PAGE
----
Six arrested in connection with knife attack in French city of Nice

A policeman carries flowers in front of the Notre Dame church in tribute to the victims of a deadly knife attack in Nice, France.

Two more men were arrested in connection with a knife attack that left three dead at a church in Nice, bringing the number of people in custody to six as investigators look at the suspected assailant’s last known contacts, a French police source said.

The latest arrests took place on Saturday, the source said.

An assailant shouting “Allahu Akbar” (God is Greatest) beheaded a woman and killed two other people in a church in Nice, in France’s second deadly knife attack in two weeks.

At least two of the people in custody, including one Nice resident, were being investigated over suspected contacts with the attacker, judicial sources have said.

The latest arrests in the case involved two men from the town of Grasse, near the southern French coast close to Nice, BFM TV reported.

The suspected assailant was shot by police and is now in critical condition in a hospital.

President Emmanuel Macron has deployed thousands of soldiers to protect sites such as places of worship and schools, and ministers have warned that other Islamist militant attacks could take place.

The Nice attack, on the day Muslims celebrate the Prophet Mohammad’s birthday, came amid growing Muslim anger across the world over France’s defence of the right to publish cartoons depicting the prophet.

On October 16, Samuel Paty, a school teacher in a Paris suburb, was beheaded by an 18-year-old Chechen who was apparently incensed by the teacher showing a cartoon of the Prophet Mohammad in class.

Protesters have denounced France in street rallies in several Muslim-majority countries, and some have called for boycotts of French goods.

An interview with Macron on the TV network Al Jazeera, in which he addresses some of these tensions, is due to air later on Saturday, the French president’s office said.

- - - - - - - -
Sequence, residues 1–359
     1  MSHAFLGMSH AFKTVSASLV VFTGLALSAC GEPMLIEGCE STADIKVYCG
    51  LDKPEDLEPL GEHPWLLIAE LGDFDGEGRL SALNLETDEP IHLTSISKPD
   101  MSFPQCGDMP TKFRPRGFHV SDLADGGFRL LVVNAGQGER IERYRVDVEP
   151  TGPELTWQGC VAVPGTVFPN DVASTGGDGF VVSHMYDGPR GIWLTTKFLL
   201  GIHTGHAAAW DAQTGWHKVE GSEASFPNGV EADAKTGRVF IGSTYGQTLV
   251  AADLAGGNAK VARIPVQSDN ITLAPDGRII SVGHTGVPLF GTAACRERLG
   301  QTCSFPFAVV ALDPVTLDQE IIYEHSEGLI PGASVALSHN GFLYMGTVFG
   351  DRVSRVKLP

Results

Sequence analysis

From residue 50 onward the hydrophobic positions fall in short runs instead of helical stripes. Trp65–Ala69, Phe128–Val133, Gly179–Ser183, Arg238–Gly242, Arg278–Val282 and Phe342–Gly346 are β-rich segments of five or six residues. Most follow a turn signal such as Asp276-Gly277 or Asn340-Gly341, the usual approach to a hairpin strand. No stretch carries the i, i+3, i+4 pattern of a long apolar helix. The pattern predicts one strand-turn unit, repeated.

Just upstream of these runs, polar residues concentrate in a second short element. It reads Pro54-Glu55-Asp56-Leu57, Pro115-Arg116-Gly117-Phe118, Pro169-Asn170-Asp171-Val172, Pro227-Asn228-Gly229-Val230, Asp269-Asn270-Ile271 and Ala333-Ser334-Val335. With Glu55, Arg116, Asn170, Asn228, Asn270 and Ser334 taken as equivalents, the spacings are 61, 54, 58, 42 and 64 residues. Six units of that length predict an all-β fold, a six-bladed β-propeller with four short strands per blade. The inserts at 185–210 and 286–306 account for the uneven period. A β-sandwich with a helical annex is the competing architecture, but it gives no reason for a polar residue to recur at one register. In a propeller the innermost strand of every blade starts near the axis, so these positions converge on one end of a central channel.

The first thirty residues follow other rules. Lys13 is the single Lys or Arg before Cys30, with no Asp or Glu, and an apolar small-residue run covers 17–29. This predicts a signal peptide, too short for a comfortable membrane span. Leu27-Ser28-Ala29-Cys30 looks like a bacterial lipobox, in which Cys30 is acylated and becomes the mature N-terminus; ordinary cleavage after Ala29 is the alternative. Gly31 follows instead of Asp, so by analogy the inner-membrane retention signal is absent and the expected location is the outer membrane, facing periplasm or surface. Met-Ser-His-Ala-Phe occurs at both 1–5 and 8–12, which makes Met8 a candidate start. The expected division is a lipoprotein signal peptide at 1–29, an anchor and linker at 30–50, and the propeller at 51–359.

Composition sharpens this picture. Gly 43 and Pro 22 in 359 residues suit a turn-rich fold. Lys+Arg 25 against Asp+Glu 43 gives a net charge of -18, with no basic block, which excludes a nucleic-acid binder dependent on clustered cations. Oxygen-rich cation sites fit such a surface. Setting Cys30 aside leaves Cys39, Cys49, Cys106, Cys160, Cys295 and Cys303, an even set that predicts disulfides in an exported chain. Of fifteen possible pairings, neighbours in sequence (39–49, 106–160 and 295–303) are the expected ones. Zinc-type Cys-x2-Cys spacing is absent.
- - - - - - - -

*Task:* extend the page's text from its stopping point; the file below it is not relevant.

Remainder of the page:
By reaching out directly to Muslim audiences, Macron is keen to counter what he sees as a misinterpretation of his recent statements on Islam and explain France’s often misunderstood secularist model, people close to him said.

Macron also spoke to Pope Francis on Friday, following the attack at the Notre-Dame Catholic basilica in Nice, the President’s office said, and discussed the importance of freedom of speech and of dialogue between religions.

“He (Macron) stated he would continue to fight against extremism so that all French people can express their faith in peace and without fear,” his office said.

France’s chief anti-terrorism prosecutor has said the man suspected of carrying out the Nice attack was a Tunisian born in 1999 who had arrived in Europe on September 20 in Lampedusa, the Italian island off Tunisia.

Investigators in Italy are also stepping up enquiries about the suspected assailant’s movements and contacts on the island of Sicily. They believe he may have spent time there after going from Lampedusa to Bari in early October on a ship used to quarantine migrants, judicial sources said.

In Bari, he is believed to have been handed an expulsion order obliging him to leave Italy within a week, the judicial sources said. Investigators are looking into the possibility the suspected attacker stayed in the Sicilian town of Alcamo for a 10 day period, the sources added.

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